Bad lab? Meningitis firm sent meds to Charlottesville
Some drugs from the Massachusetts-based company blamed for causing a meningitis outbreak that has killed at least 24 people have turned up in Charlottesville. According to the federal Food and Drug Administration, drugs from the New England Compounding Center, located in Framingham, have made their way to local facilities, including the University of Virginia Medical Center.
"We are aware of the situation involving the medications shipped from the New England Compounding Center," says UVA Heath Systems spokesperson Eric Swenson, saying the hospital "pulled from usage" any drugs that were purchased from the company following an FDA announcement earlier this month.
The FDA asserts that the meningitis outbreak is confined to patients who received a back pain-relieving spinal injection of a steroid called methylprednisolone acetate. The outbreak has sickened 317 Americans and killed at least 23, including four here in Virginia.
The FDA notes that the only places in Virginia to receive the tainted spinal steroid were two clinics in the Roanoke Valley, but as a precaution the FDA has requested a recall of all products the company distributed since May 21.
Earlier this week, a federal and state inspection found evidence of "black fungus specks" in vials of medicine at the New England Compounding Center. Inspectors also encountered a leaky boiler and dirty equipment, and they assert that the lab was not properly sterilizing its products. What's more, the family owning the facility also operates a trash-recycling center on the same property as the lab. Operations at the lab's parent pharmaceutical company, Ameridose, have been suspended pending further investigation.
According to a recent report in the New York Times, the family-owned firm may have been playing fast and loose with regulations while generating profits that allowed its founders to afford a $4.2 million Boston penthouse, a $3.5 million 11,000 square-foot home in Southborough, Massachusetts with an indoor saltwater pool, and a $2.5 million Cape Cod vacation home.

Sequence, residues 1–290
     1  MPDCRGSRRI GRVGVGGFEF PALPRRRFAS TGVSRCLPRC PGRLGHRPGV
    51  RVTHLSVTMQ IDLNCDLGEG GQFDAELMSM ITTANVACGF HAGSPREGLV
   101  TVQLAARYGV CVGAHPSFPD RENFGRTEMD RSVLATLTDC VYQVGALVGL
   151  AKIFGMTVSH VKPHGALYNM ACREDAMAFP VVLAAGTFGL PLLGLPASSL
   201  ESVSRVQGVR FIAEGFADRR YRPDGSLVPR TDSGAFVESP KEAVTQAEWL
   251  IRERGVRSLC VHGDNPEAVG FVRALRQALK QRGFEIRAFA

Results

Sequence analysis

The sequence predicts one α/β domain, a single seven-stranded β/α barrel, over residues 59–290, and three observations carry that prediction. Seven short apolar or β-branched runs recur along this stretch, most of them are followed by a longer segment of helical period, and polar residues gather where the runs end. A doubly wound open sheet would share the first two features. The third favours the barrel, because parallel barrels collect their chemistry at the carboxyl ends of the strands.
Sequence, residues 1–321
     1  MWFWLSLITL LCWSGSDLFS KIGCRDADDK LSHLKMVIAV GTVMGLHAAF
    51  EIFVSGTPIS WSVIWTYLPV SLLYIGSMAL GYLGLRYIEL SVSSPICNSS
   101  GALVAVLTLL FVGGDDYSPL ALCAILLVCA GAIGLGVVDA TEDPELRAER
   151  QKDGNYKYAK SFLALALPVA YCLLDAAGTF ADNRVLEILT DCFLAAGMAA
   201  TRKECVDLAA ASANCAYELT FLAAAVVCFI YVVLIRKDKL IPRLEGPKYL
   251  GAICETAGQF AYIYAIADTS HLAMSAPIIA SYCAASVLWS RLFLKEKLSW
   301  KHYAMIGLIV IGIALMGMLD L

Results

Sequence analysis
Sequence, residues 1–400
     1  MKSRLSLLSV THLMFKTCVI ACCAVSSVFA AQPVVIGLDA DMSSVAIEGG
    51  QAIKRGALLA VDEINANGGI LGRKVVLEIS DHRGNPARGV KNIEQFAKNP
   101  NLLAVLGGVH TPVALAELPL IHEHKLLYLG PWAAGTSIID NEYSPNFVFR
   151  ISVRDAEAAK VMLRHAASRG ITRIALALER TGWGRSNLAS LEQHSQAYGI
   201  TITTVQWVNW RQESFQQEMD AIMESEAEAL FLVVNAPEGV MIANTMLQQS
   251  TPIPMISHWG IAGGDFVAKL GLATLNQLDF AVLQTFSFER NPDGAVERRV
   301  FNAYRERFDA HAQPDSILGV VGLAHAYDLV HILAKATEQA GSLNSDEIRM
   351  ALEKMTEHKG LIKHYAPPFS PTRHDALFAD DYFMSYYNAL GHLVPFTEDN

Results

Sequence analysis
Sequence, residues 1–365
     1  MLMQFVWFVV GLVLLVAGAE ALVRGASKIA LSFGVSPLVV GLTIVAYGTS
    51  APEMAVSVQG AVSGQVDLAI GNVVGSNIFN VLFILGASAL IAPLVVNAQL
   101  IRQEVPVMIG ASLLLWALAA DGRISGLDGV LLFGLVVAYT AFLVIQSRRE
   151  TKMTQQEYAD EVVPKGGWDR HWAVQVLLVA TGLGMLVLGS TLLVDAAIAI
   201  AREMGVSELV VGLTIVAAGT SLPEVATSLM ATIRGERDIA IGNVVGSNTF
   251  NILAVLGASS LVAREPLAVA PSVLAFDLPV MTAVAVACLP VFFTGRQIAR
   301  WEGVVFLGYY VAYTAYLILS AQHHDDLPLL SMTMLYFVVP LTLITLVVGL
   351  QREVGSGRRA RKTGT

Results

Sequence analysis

“It was a license to print money,” a former Ameridose manager told the Times. “I’ve never seen a business grow so fast.”
On October 4, the FDA asked medical professionals to "retain, secure, and withhold from use" any products from the company, and two days later ordered the voluntary recall.
The FDA has advised patients to "remain vigilant for the signs and symptoms of infection" if they got an injection or used any other product from the company that was shipped on or after May 21, and to contact their doctor if they become concerned. A more detailed advisory is available at www.fda.gov/Drugs/DrugSafety/FungalMeningitis/default.htm.
According to a document released by the FDA, four local purchasers received regulated products from the Massachusetts company after May 21. They are listed here:
- UVA Medical Center: Avastin (used with chemotherapy to treat cancer) and Mitomycin (an intravenous medicine used to treat cancer)
- Monticello Community Surgery Center: Mitomycin and Pe/Cyclo/Trop/Ketor (an eye medication)
- Augusta Eye Associates: Avastin
- Moxie Hair Salon: Triple Anesthetic Cream, a combination of benzocaine, lidocaine, tetracaine and phenylephrine that numbs the skin for things like botox treatments
Moxie owner Todd Toms says he was aware of the recall, but says that none of his customers were administered the cream. As Toms explains, the cream, used to numb the skin after, say, a botox treatment, had to be administered by a doctor the salon works with, and that doctor voluntarily stopped using the product.
"We use an entirely different product for things like hair removal," says Toms, "the other cream was too strong."
UVA's Swenson says the hospital has sent letters to around 150 patients who received medications produced by the company between May 21 and October 4, detailing symptoms of a possible infection and instructing such patients to immediately contact their healthcare provider if symptoms emerge. The letters also provide a toll-free number at UVA Health System for patients to call with questions or concerns.
"At this point," says Swenson, "there has not been a confirmed infection linked to any of the medications used at UVA that were purchased from NECC."
Swenson says that UVA has also sent a letter to patients who received injections of methylprednisolone acetate at UVA to reassure them that the steroid they received was not purchased from NECC.Read more on: drug recall